Late September 1986: Wisseloord Studios, Hilversum, Netherlands
Late October-early November 1986: S.I.R. Studios, New York City, USA

November 17-December 18, 1986: Wisseloord Studios, Hilversum, Netherlands
January 7-mid-February 1987: Blue Wave Studios, Barbados

Late February-March 27, 1987: Right Track Studios, New York City, USA
Mid-April-late May 1987: Right Track Studios, New York City, USA

Producers: Mick Jagger, Keith Diamond and David A. Stewart
Chief engineers: Ed Stasium, Bob Rosa, Manu Guiot & Jon Bavin
 Mixer: Ed Stasium
Released: September 1987
Original label: Columbia Records (CBS)

Contributing musicians: Mick Jagger, Jeff Beck, Simon Phillips, Doug Wimbish, G. E. Smith, Phil Ashley, Richard Cottle, Jim Barber, Jimmy Ripp, Dave Stewart, Vernon Reid, Pat Seymour, Denzil Miller, Greg Phillinganes, Keith Diamond, Olle Rommo, David Sanborn, John Faddis, Sean Keane, Paddy Moloney, Omar Hakim, Dean Garcia, Ernst Hanes, Cindy Mizelle, Craig Derry, Jocelyn Brown, Brenda King, Harrison College Choir (Barbados).

Let's Work
Radio Control
Say You Will
Primitive Cool
Kow Tow
Shoot Off Your Mouth
Peace for the Wicked
Party Doll
War Baby


I believe in just doing it. I write a lot of songs. I wrote a lot more for this record. It's just that you don't want two that are the same. I found that I was writing better melodies in the country, which seems obvious when you think about it. You need to get away from this constant noise so the melodies you have in the back of your mind came come to you easier. And I find that I write better in the mornings than all this late-night business that I was always into before. And after that you can relax a bit. When I worked with Dave (Stewart), we'd start pretty early and by three o'clock we'd be done. It was healthy and fun. And lyrically I got more, though sometimes I wake up in the middle of the night, like when I wrote War Baby.

- Mick Jagger, 1987

I'll put aside certain periods of the day (for writing). I've started using drum machines when I get an idea, 'cause I'm a bit of a groove singer. I'll start to play on the keyboard, and get the drums going. It really gets me loose; I can just go with the sequence. Sometimes it's easier that way. And if you're a writer, you learn a lot about what you want, not what the drummer wants to impose on you. I wouldn't say I'm a great musician. I'm adequate enough to write songs and play simple parts. And I would like to become better, the same as a lot of musicians. My main thing is to sing, but my most enjoyable thing is writing, the buzz when you first write that tune.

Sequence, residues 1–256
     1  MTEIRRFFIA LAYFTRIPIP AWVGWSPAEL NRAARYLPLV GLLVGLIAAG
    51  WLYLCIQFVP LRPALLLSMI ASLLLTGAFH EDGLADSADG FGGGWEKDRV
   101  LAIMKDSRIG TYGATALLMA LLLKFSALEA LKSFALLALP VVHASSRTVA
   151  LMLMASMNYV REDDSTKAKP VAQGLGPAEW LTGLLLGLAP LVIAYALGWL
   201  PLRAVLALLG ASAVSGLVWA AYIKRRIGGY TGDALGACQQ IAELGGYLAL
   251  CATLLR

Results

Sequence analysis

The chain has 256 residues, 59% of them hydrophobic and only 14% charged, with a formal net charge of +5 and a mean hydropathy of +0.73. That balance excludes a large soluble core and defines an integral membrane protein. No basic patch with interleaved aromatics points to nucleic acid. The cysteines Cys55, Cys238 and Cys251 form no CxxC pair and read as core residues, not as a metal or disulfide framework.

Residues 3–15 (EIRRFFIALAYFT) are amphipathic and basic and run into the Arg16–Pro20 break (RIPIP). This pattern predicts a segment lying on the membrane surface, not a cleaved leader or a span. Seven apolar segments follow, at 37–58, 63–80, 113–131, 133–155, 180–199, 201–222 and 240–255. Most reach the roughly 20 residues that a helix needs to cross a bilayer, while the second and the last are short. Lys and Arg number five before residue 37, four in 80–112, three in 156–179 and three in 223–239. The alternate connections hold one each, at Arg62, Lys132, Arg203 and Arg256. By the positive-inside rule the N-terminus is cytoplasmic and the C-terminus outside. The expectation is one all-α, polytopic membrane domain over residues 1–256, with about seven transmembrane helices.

- Mick Jagger, 1987

I'd like to explore as many areas as I can, and at the moment I thought I should do more solo work. In a band, everyone is supposed to contribute, which is a wonderful way of making records, but there are other ways of making music. And I had a very clear idea of what I wanted to do and should sound like. The other musicians are very talented and they had ideas, but most of the things came out as I planned them on demos.

- Mick Jagger, 1987

You have to have that first experience. But this time I felt more confident. I wanted to have the same center on this record, for the bass and drums to be the same people. I had different keyboards players, different textures and so on, but I didn't think the core should shift. I shifted that around on the first album and it didn't work as well as it could have.

- Mick Jagger, 1987

(This time) I knew the songs better, I'd demoed them more, sung them longer. A lot of times when you're working in the studio, you don't get inside them and work them out as well as you should.
- Mick Jagger, 1987

We did all the basics and a lot of overdub work. He had his voice and a drum machine. Then he'd sing while I played to the click track. Before each song we'd talk it out: He'd describe the setting, paint a picture for me. You work together long enough, you develop key patterns, a chemistry Mick communicates from the heart. He knows what's needed; when he doesn't know, he doesn't mind asking.

- Doug Wimbish, 1987

I came in a little further down the line, by which time the tracks were more finished. I helped add a more serious live feel. A drum machine or click track can lull you into a false sense of security; a real kit puts things into perspective. One good thing: we didn't spend a long time on each track, but cut them quickly, which I think is very important in all types of recording. It's good to think about it, play it a couple of times and then leave it.